> > I researched this when I had the crazy idea of going into the bike light business. Sylvania
> > would cobble up anything I wanted at prices
comparable
> > to generic, if I would buy 10k units. That's a lot of bike lights to
have
> > to get rid of...
>
> I'll say! Hmmm... I wonder, what the annual sales volume for one of the smaller companies? Would
> you guess something like 1000 units?

Or less...

> What sort of premium would Sylvania charge for 1000 custom bulbs?

At the time, they would only do 10,000. There seem to be a lot more of these lamps around now
though. You could probably order anything you want from Taiwan, or wherever they're coming from.

I've heard that Nightsun made their own lamps back in the beginning, re-potting MR16 reflectors with
10W bulbs, because 20W+ were the only ones available. In fact, the only 10W MR16 lamps I've been
able to find are Nightsun's. There's a much larger variety with the smaller MR11.

Matt O.
post #4 of 5

Re: For Me, Bye Bye Nite Rider!

"Matt O'Toole" <matt@deltanet.com> wrote in message
news:<4iqM9.4623$uV4.2791689@news2.news.adelphia.net>...
> "Stephen Harding" <harding@hobart.cs.umass.edu> wrote in message
> news:3E01FED1.17B9B341@hobart.cs.umass.edu...
> > The home brew is the way to go though. Lots of light, and cheap, and after a mere 3 weeks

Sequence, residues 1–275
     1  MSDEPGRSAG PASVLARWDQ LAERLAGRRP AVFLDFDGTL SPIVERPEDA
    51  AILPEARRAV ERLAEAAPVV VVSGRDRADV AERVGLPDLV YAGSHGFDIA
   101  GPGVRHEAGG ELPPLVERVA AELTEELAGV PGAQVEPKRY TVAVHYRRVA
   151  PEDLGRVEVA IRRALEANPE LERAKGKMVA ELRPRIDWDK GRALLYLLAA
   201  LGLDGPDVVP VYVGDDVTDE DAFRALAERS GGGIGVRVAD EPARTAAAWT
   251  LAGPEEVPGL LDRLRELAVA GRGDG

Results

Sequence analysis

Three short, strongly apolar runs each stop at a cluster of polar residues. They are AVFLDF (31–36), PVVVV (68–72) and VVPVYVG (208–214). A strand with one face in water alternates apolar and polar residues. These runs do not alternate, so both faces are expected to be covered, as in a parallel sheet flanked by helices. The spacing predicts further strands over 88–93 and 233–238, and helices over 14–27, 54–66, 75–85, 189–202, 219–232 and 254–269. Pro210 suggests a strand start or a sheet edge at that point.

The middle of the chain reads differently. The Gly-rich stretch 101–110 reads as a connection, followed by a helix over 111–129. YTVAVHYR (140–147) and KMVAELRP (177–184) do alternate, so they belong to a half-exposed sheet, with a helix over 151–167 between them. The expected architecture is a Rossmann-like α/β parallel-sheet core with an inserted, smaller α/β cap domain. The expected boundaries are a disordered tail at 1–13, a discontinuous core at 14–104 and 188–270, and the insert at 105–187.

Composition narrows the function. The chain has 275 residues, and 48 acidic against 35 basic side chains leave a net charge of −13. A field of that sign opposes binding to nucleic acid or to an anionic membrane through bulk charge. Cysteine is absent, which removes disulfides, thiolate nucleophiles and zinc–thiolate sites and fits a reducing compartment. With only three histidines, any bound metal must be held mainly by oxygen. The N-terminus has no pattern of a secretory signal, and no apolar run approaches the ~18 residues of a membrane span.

> > through several snow storms, reliable.
>
> Still more expensive than just buying another bulb for the Trail Rat, though.

For the first one, yes, but not the second. I built up a dual 20W system 12 years ago and it is
still working like new. I paid less than $50 to put it together at that time (though we did put ten
of them together so we got a break in the bulbs and gel cell motorcycle batteries) and that included
a small battery charger which I subsequently threw away and used a normal automatic motorcycle
battery charger.

One of the bulbs is a wide beam and the other a narrow beam. I run normally on the narrow beam but
when I'm doing fast offroad at night I'll add the wide beam in there to cover more of the trail. The
motorcycle battery runs about 4-5 hours of useable light.
post #5 of 5

Re: For Me, Bye Bye Nite Rider!

"Eric S. Sande" <esande@erols.com> wrote in message news:<3E02B4C1.B46DB57@erols.com>...
> Full power is available on demand in a battery light. This means switch on, switch off capability.
> Whether moving or stopped.
>
> It would seem reasonable that the operator would expect the bulb to last indefinitely, but the
> physics don't support the expectation if the cold filament is repeatedly subjected to a full
> power start.

I simply used a smaller power wire and get a little drop across the wire and don't deliver full
voltage to the bulb. I suppose you could do the same thing with an inductor but the wire gauge thing
works just as well. And it costs LESS to make the system that doesn't blow bulbs and only knocks off
a percent or two of light.

What would you rather have: a system that tests brighter than everyone else's or a system that lasts
pretty much forever?